The US Federal Reserve left unchanged near-zero interest rates and its massive bond-buying program on Wednesday, citing modest growth in the world’s largest economy.
Wrapping up a two-day policy meeting, the Federal Open Market Committee (FOMC) said it would continue to buy US$85 billion in bonds per month to help tamp down longer term interest rates that have been supporting the economy, especially the housing market recovery.
The bond-purchase program has filled a gap in the Fed’s toolkit after the central bank slashed its key federal funds rate to zero to 0.25 percent in December 2008 and held it there.
While no one expected a rate hike at the meeting, analysts were surprised the FOMC statement provided no signal on when and how the Fed will begin to taper its asset purchases.
Many analysts believe the move will come at next month’s Fed meeting on Sept. 17-18, but some say it will be delayed because of patchy growth.
“September tapering still a good bet, but the incoming data still matter,” Pantheon Macroeconomics’ Ian Shepherdson said.
Earlier in the day the government reported the US economy grew at a lackluster 1.7 percent annualized pace in the second quarter after 1.1 percent growth in the first quarter.
Pointing to growth “at a modest pace during the first half of the year,” the FOMC said it would keep buying mortgage-backed securities at a monthly pace of US$40 billion and longer-term Treasury securities at US$45 billion.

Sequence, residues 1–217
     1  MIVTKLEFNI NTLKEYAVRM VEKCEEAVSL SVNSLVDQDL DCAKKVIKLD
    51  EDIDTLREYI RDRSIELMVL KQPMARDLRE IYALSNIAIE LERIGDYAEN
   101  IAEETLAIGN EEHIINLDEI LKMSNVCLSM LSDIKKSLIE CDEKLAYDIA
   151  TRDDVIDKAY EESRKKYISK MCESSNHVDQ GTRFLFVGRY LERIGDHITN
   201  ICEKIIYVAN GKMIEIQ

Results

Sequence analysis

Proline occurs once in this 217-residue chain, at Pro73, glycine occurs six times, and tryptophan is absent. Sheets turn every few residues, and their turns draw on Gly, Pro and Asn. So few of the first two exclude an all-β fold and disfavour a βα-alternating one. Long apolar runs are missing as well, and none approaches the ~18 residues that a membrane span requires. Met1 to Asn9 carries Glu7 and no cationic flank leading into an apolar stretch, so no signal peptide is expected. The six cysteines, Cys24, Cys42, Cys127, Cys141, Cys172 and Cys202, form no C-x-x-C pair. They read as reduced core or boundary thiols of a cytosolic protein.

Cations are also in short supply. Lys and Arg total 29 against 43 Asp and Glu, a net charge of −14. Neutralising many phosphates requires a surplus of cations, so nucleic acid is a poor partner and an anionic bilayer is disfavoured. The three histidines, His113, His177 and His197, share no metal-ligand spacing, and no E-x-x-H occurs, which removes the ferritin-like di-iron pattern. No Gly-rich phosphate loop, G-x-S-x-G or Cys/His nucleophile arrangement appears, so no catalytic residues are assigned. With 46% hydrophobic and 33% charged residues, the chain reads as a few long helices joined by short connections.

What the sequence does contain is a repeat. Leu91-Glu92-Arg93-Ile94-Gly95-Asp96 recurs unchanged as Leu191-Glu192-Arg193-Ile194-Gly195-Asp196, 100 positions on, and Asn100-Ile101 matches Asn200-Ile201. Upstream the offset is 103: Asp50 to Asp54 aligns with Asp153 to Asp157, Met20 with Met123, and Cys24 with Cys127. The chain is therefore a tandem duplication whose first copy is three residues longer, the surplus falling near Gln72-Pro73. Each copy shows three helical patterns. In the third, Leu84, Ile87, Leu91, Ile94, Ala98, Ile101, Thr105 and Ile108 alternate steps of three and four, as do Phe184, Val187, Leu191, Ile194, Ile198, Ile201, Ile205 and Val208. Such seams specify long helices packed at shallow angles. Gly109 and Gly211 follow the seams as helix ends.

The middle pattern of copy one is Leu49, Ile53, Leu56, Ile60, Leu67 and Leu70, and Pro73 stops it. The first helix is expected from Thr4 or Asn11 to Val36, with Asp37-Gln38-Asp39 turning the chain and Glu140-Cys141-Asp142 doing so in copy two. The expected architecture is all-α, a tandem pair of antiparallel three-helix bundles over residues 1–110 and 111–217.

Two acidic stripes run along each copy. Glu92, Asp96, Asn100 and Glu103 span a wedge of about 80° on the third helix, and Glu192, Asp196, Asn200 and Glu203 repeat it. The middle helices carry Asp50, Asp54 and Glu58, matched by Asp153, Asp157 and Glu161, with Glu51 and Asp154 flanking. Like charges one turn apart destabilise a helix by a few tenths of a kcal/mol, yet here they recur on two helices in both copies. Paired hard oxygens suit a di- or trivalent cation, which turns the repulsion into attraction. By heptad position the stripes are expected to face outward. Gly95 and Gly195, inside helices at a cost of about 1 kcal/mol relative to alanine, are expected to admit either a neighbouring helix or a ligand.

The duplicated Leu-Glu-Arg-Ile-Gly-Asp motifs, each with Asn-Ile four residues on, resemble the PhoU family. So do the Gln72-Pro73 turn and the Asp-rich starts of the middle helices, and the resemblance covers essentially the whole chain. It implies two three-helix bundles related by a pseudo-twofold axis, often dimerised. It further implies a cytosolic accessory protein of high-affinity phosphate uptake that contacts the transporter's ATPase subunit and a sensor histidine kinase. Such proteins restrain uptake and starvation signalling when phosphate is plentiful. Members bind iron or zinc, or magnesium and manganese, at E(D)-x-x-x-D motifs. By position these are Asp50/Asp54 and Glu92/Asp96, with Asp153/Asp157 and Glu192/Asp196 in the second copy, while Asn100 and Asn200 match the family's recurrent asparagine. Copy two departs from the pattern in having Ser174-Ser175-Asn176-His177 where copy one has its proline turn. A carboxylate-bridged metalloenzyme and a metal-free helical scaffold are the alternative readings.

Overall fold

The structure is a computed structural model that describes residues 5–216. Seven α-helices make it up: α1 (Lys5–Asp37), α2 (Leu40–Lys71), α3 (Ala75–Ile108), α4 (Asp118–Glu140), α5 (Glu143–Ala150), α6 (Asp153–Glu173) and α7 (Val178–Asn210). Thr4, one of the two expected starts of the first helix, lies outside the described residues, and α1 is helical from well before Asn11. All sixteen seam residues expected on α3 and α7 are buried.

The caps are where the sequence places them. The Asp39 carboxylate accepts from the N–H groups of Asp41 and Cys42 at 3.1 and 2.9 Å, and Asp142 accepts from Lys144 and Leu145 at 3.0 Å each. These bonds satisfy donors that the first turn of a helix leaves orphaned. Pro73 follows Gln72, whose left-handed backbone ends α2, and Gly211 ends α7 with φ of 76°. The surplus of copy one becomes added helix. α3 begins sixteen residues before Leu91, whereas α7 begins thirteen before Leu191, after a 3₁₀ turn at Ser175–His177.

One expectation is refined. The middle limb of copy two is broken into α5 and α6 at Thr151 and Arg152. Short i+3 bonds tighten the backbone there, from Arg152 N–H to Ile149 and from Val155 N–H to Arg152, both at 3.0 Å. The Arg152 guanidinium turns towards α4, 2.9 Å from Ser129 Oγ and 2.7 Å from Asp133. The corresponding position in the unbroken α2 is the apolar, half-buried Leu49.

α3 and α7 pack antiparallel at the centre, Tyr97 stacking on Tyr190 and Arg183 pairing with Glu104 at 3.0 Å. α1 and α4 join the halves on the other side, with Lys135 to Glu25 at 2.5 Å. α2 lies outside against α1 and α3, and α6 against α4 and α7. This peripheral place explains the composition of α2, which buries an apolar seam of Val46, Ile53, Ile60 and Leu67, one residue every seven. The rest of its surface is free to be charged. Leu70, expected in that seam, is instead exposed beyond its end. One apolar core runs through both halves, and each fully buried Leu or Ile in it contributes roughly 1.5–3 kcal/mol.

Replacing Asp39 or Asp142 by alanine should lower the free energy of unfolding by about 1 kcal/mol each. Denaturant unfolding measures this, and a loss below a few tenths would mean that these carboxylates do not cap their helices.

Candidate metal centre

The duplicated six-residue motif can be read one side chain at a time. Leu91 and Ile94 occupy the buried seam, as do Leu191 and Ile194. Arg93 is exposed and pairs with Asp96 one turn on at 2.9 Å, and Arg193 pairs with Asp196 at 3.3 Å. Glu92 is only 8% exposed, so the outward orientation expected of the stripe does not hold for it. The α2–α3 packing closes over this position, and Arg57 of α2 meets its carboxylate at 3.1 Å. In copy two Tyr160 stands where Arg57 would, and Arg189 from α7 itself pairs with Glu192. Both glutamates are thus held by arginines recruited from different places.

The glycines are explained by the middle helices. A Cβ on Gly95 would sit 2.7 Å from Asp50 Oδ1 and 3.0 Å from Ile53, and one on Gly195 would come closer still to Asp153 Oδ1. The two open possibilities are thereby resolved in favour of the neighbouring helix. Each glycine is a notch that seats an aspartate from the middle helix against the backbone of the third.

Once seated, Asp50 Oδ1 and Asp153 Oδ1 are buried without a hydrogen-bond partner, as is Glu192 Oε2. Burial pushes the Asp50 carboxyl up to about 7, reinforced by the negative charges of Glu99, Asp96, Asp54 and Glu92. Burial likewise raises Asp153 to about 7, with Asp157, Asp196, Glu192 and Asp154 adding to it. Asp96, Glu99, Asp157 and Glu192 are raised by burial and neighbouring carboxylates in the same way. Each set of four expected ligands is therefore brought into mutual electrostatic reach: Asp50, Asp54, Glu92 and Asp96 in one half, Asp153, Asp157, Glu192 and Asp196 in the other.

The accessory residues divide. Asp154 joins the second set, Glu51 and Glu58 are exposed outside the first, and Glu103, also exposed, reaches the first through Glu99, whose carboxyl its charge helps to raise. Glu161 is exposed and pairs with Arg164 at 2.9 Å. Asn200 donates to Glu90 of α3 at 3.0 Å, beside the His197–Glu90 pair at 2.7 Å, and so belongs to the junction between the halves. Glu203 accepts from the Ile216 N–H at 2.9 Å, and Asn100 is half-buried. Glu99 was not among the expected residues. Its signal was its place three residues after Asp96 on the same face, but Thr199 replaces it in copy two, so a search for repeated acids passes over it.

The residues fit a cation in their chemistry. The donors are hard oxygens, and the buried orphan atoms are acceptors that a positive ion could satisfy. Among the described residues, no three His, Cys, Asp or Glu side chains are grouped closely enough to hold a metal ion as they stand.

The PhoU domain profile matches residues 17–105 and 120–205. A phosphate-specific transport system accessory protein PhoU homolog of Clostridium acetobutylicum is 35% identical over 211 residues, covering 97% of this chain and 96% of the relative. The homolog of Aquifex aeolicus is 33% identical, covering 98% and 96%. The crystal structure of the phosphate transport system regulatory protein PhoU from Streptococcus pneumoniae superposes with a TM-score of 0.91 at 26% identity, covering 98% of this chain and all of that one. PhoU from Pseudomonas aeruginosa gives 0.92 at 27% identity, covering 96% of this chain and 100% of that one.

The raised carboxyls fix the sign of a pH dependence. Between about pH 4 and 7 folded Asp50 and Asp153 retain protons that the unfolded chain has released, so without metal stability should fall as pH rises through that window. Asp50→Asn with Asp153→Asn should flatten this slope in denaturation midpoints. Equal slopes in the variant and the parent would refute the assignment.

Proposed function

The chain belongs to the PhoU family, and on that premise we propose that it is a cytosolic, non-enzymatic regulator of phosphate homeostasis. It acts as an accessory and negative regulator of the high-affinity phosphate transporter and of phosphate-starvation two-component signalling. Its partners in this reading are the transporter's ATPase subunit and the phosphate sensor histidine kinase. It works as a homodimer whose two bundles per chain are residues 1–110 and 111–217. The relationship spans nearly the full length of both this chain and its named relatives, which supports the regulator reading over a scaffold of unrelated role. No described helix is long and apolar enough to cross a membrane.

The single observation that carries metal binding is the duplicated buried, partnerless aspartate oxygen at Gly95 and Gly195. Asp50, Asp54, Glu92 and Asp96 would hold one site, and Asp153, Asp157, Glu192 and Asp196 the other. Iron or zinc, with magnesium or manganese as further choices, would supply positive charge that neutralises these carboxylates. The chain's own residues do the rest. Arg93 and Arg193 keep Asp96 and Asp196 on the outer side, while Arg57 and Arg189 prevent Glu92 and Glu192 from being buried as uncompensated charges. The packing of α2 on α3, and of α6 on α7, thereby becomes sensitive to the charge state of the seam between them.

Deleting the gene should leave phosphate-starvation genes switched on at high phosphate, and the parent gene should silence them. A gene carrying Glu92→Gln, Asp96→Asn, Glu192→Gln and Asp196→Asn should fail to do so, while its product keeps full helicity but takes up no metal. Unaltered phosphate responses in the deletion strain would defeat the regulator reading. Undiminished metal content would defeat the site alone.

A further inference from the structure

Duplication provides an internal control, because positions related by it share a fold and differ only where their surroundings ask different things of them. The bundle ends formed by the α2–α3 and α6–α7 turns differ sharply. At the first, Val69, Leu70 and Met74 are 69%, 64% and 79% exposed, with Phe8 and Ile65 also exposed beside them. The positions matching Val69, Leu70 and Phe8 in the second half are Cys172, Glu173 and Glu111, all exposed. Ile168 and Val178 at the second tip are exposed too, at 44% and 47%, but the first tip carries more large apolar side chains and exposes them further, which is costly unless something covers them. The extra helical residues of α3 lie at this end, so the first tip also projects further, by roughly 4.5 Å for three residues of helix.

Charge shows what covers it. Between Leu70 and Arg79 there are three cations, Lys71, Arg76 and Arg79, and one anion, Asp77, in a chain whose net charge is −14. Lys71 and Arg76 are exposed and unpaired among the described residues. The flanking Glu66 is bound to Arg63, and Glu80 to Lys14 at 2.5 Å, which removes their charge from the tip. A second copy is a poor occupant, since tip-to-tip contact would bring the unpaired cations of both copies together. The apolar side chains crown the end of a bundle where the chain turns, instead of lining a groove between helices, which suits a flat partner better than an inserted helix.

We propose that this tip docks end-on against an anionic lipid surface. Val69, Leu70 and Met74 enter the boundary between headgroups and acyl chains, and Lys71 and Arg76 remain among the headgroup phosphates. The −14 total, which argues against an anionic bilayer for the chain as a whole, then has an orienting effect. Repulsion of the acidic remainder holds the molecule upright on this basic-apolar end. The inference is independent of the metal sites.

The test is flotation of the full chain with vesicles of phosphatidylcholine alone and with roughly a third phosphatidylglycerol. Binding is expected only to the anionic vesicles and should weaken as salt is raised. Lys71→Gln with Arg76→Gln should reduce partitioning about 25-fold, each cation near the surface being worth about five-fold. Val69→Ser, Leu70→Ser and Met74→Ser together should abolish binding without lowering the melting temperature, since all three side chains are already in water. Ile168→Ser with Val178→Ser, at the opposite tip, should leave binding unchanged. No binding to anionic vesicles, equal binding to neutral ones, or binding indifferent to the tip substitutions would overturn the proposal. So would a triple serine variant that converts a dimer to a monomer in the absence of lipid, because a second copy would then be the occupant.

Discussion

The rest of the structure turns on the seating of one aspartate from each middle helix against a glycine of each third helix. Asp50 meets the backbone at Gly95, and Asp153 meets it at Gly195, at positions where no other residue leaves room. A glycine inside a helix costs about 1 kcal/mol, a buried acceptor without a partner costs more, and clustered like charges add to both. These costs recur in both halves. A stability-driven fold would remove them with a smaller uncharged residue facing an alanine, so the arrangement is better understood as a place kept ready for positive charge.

Reinvesting the mortgage-backed securities and rolling over maturing Treasury securities, the panel reiterated, “should maintain downward pressure on longer-term interest rates, support mortgage markets and help to make broader financial conditions more accommodative.”
The Fed policymakers appeared a little less optimistic about the economy than they were at their June 18 and 19 meeting.
In their prior statement, the economy was described as expanding at “a moderate pace,” stronger language than “modest.”
Though the FOMC largely repeated the previous statement, mentioning an improving jobs market and housing sector, this time Fed officials noted “mortgage rates have risen somewhat.”
The FOMC statement made no mention of a tapering timetable, but it highlighted the officials were watching the impact of weak inflation on the economy.
Part of the Fed’s dual mandate of price stability and maximum employment, the panel acknowledged “that inflation persistently below its 2 percent objective could pose risks to economic performance.”
It projected inflation would move back toward that target number over the medium term, whereas last time the panel said it “anticipates” inflation “likely will run at or below its 2 percent objective.”
The Fed reiterated that it would keep its current monetary policy “for a considerable time” after the asset-purchase program ends “and the economic recovery strengthens.”
The central bank together with a number of economists expect that growth will pick up in the second half of the year.